Differentiation of VICON outcomes compared to the state of the art

VICON Context Modelling Approach

Current context modelling approaches rely on the possibility to create a functional semantic description for implementation of a knowledge base. This is also done in VICON. – One main feature of the context modelling approach pursued in VICON is characterised by the representation of design recommendations such as indicated in the following example:

“Visual markings on the keys should be characters at least 4 mm high and should have good contrast with the colour of the key (e.g. white characters on matt black keys)”

The following Table 1 presents an overview of different context modelling approaches according to Strang and Linnhoff-Popien (2004), regarding an assessment of their functional and non-functional properties. Here “++” means a complete “+” a partial and “-“ no fulfilment of the property.

Context Modelling Approach

Partial Validation

Level of formality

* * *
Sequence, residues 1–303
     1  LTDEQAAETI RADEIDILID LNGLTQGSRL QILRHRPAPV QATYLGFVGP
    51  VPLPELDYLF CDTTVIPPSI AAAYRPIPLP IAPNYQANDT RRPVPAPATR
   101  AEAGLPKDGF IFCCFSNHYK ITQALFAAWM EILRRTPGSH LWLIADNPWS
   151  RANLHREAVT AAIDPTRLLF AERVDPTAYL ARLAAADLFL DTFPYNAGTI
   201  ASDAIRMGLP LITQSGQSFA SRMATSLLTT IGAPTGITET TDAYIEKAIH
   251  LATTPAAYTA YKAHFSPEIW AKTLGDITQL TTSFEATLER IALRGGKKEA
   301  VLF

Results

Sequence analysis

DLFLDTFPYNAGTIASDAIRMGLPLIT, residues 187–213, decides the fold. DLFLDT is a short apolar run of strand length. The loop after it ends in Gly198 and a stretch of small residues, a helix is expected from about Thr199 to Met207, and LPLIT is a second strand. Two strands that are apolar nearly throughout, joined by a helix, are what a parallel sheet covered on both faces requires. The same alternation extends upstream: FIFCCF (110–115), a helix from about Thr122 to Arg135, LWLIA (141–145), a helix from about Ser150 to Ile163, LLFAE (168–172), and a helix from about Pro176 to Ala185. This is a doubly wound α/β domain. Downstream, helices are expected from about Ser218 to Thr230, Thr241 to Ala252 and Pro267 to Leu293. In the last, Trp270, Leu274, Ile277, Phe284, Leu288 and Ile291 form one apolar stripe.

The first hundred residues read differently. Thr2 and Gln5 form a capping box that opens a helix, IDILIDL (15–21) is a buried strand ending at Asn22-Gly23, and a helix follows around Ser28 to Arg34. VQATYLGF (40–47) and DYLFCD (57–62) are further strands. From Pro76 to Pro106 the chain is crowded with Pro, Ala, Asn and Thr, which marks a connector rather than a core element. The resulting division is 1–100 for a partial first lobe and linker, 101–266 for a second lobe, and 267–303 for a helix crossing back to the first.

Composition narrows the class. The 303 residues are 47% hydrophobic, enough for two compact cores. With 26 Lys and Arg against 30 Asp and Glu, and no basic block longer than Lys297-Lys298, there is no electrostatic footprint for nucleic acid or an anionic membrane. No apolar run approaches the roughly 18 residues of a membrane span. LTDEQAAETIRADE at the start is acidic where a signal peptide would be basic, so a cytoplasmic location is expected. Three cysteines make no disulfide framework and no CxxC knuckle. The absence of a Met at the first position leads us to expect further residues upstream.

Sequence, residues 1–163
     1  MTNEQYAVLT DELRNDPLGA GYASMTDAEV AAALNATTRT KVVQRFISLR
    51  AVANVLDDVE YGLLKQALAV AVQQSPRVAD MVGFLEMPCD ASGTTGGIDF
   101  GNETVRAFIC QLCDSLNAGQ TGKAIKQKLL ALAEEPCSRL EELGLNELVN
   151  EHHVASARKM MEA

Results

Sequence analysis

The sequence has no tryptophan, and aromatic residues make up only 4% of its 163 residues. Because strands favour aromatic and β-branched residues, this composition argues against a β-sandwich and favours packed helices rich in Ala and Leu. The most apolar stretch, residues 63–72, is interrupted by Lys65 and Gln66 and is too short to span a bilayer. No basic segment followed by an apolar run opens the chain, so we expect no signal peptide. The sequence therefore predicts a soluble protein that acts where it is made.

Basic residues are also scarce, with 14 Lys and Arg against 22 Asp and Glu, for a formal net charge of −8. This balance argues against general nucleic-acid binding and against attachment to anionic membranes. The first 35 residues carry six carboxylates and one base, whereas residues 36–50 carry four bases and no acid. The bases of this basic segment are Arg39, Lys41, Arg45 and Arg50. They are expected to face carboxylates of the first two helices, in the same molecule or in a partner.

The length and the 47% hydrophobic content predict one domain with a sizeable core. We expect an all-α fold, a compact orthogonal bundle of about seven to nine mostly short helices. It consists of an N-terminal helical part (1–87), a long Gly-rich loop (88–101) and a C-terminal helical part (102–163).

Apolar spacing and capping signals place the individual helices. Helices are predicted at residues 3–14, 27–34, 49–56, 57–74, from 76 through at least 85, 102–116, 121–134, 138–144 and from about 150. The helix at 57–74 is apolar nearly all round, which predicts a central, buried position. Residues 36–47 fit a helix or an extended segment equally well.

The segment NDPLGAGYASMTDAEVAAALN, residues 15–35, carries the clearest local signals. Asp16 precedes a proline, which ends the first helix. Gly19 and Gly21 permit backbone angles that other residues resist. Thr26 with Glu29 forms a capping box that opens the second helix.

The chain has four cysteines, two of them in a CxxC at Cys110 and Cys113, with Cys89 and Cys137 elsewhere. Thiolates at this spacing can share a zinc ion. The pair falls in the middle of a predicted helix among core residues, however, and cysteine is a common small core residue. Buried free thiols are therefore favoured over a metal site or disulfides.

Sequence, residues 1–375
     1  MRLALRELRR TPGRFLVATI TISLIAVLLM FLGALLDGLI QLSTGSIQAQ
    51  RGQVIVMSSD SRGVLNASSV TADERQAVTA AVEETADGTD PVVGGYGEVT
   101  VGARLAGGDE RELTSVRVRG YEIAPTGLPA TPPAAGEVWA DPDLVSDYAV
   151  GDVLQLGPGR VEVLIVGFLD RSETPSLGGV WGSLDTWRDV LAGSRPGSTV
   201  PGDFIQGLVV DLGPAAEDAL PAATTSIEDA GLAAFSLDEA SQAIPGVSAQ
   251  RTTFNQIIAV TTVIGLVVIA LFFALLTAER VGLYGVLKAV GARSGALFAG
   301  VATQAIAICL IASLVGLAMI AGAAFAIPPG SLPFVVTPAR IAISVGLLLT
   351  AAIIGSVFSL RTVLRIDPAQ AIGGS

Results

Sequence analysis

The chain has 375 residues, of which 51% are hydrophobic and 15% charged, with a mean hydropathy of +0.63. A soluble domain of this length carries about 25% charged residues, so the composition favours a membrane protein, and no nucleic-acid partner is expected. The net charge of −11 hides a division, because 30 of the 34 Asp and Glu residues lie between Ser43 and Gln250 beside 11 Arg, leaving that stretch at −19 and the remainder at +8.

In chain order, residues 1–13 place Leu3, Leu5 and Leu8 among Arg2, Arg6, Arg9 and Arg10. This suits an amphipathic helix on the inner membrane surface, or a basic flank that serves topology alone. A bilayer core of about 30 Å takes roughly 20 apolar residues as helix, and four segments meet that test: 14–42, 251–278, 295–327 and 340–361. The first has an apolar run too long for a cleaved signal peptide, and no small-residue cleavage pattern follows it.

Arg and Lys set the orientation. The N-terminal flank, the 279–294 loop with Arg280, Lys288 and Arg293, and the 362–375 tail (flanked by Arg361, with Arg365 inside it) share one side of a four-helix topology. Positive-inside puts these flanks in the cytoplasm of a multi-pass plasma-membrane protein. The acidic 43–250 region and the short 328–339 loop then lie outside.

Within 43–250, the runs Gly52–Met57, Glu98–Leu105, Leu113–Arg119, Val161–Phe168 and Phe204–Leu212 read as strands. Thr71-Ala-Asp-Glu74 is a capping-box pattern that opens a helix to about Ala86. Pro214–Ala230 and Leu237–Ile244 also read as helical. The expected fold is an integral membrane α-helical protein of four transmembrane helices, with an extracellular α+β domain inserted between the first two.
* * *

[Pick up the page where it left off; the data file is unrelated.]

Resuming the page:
Applicability to existing environments

Distributed composition

Richness and quality of information

Incompleteness and ambiguity

Key-Value Pairs

-

-

+

-

-

-

Markup-Scheme Models

++

+

++

+

-

-

Graphical Models

-

+

+

-

+

-

Object Oriented Models

+

+

+

++

+

+

Logic based Models

-

++

-

++

-

-

Ontology based Models

++

++

+

++

+

+

Table 1: Overview of Context Modelling Approaches vs. Functional and non-functional properties.

Regarding the requirements of the VICON project, partial validation, level of formality and applicability to existing environments were primarily important. This has been identified in the work of WP1 and documented in D1.4. Consequently, ontology based models were used in VICON for the creation of an ontology representing all relevant context aspects.

Virtual Human Modelling, Digital Human Modelling and Virtual User Modelling

Virtual human modelling (VHM), (digital human modelling DHM) or VUM (Virtual user Modelling) has been shown to be useful for ergonomics of working postures by Lamkull et al (2009) and of vehicles by Porter et al (1993). Our VICON studies in D5.1 and D5.3 confirmed largely these results in the context of older users suffering from mild to moderate physical disabilities.

The state of the art in using DHMs usually addresses body mechanics and, within that, the larger movements of trunk and. This includes a number of disability and accessibility related applications. In contrast, VICON focuses on sensory capabilities – hearing and vision. Where VICON addresses body mechanics it is at a fine level of motor control in the wrist, hand and fingers, rather than the larger arms, legs and trunk.